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from whose name the appellation of Galvanism was given to a supposed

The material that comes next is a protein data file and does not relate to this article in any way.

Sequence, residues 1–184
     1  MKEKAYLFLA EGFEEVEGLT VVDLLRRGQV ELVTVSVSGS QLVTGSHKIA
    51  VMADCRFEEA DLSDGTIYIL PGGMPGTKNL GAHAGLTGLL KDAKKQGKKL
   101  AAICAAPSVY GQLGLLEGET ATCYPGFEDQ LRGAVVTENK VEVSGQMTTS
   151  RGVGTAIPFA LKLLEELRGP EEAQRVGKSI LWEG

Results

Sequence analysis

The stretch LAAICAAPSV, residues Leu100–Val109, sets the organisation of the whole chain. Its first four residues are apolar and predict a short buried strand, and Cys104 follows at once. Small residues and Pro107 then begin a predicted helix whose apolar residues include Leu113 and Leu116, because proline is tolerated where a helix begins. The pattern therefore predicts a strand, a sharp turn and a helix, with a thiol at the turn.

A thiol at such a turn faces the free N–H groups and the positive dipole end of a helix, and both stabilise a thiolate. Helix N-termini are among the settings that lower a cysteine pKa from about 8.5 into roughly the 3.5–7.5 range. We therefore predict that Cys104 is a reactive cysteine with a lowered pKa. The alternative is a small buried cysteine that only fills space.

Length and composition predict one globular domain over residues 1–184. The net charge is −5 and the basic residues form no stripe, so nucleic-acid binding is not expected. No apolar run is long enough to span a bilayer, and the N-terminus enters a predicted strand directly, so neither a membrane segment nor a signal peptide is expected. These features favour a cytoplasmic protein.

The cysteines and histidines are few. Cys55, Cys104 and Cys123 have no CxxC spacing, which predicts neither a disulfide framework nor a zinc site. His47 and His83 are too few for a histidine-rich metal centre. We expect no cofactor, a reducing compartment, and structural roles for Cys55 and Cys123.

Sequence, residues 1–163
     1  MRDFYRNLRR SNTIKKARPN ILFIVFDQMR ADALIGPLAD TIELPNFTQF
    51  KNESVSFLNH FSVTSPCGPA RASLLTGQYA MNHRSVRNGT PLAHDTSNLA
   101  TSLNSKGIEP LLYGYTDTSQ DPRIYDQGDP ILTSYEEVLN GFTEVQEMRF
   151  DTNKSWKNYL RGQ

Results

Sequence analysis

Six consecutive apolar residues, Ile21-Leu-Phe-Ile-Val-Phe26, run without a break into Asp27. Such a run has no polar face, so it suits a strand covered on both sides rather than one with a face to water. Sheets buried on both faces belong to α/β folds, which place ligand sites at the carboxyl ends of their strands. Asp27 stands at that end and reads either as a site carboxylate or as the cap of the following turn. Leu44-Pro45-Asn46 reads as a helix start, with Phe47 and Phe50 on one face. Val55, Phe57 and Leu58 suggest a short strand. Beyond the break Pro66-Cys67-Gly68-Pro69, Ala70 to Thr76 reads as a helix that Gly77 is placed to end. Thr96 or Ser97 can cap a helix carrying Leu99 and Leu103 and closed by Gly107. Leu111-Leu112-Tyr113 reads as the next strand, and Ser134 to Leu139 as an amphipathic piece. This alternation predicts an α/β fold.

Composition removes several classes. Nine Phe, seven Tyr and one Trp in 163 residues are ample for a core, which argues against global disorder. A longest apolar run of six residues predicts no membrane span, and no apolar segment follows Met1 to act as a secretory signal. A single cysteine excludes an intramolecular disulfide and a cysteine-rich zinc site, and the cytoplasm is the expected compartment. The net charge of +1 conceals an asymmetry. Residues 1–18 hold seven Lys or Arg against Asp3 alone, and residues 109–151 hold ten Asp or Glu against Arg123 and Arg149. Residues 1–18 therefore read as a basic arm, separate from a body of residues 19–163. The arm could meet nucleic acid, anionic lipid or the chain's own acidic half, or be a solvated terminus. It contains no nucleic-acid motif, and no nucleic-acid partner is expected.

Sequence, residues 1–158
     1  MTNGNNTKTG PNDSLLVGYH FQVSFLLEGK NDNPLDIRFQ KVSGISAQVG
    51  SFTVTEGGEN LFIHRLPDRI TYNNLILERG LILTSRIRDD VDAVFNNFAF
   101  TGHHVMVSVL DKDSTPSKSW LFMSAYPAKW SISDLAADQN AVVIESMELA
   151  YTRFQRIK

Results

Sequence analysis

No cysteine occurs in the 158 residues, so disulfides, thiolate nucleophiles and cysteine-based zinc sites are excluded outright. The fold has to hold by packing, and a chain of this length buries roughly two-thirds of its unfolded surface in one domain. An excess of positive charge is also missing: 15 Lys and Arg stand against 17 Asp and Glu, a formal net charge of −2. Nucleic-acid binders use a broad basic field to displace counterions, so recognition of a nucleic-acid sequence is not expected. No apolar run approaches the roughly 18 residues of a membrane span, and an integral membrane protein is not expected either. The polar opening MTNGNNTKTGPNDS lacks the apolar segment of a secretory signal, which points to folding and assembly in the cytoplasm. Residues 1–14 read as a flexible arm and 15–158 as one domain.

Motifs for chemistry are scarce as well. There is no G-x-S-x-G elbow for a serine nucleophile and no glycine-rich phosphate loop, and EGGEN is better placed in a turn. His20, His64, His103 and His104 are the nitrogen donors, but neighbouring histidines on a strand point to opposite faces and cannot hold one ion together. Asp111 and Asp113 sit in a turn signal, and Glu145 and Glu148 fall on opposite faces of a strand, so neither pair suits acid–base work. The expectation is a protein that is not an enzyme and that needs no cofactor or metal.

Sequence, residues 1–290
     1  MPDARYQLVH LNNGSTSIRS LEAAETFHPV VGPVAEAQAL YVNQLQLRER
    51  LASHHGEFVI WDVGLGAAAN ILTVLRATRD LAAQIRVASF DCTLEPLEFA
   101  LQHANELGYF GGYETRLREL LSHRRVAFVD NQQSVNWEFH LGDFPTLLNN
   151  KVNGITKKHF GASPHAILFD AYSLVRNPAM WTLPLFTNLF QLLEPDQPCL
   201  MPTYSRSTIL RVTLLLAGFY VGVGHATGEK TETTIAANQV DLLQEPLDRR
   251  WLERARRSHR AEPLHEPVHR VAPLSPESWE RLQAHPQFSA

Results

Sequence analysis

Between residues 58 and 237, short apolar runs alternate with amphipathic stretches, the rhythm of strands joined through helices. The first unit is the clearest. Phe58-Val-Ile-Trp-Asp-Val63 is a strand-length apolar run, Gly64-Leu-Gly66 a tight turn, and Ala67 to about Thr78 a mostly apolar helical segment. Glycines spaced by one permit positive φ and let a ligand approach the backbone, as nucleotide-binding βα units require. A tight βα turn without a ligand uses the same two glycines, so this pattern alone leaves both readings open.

, from whose name the appellation of Galvanism was given to a supposed new principle in nature, also called animal electricity, was born Sept. 9, 1737, at Bologna, of a family, several of which had distinguished themselves in the professions of law and divinity. In his early youth he shewed a great propensity to religious austerities; but being dissuaded from entering into an order of monks, whose convent he frequented, he directed his attention to the study of medicine. He pursued this study under able masters, and gained their esteem, especially that of professor Galcazzi, who received him into his house, and gave him his daughter in marriage. To this union his success in life is in a great measure to be ascribed. In 1762, after having sustained an inaugural thesis, “De Ossibus,” he was appointed public lecturer in the university of Bologna, and reader in anatomy to the institute in that city, chiefly by the interest of his wife’s relations. By the excellence of his method of teaching he obtained crowded audiences, and by his researches and experiments in physiology and comparative anatomy he established a high reputation throughout the schools of Italy. A singular accident is said to have given birth to the discovery which has immortalized his name. His wife, to whom he was most tenderly attached, being in a declining state of health, used a soup made from frogs as a restorative: and some of these animals, skinned for the purpose, happening to lie on a table in Galvani’s laboratory, on which was placed an electrical machine, one of the assistants in his experiments, by accident, brought the point of a scalpel near the crural nerves of a frog lying not far from the conductor. Instantly the muscles of the limb were agitated with strong convulsions. The experiment was repeated, the fact ascertained, and a long series of new experiments, ingeniously varied, were put in execution, by which he investigated the law of nature of which accident had thus given him a glimpse. His first publication on the subject was printed for the institute at Bologna in 1791, and entitled “Aloysii Galvani de viribus Electricitatis in motu Musculari Commentarius.” This work immediately excited the attention of philosophers both in Italy and other countries, and the experiments were repeated and extended. In the hands of the celebrated Volta the agent was increased in power to a great extent; and, directed by the genius of sir Humphrey Davy, it has already led to most important discoveries in regard to the composition of many substances, heretofore deemed elementary, and bids fair to change the whole face of chemical science.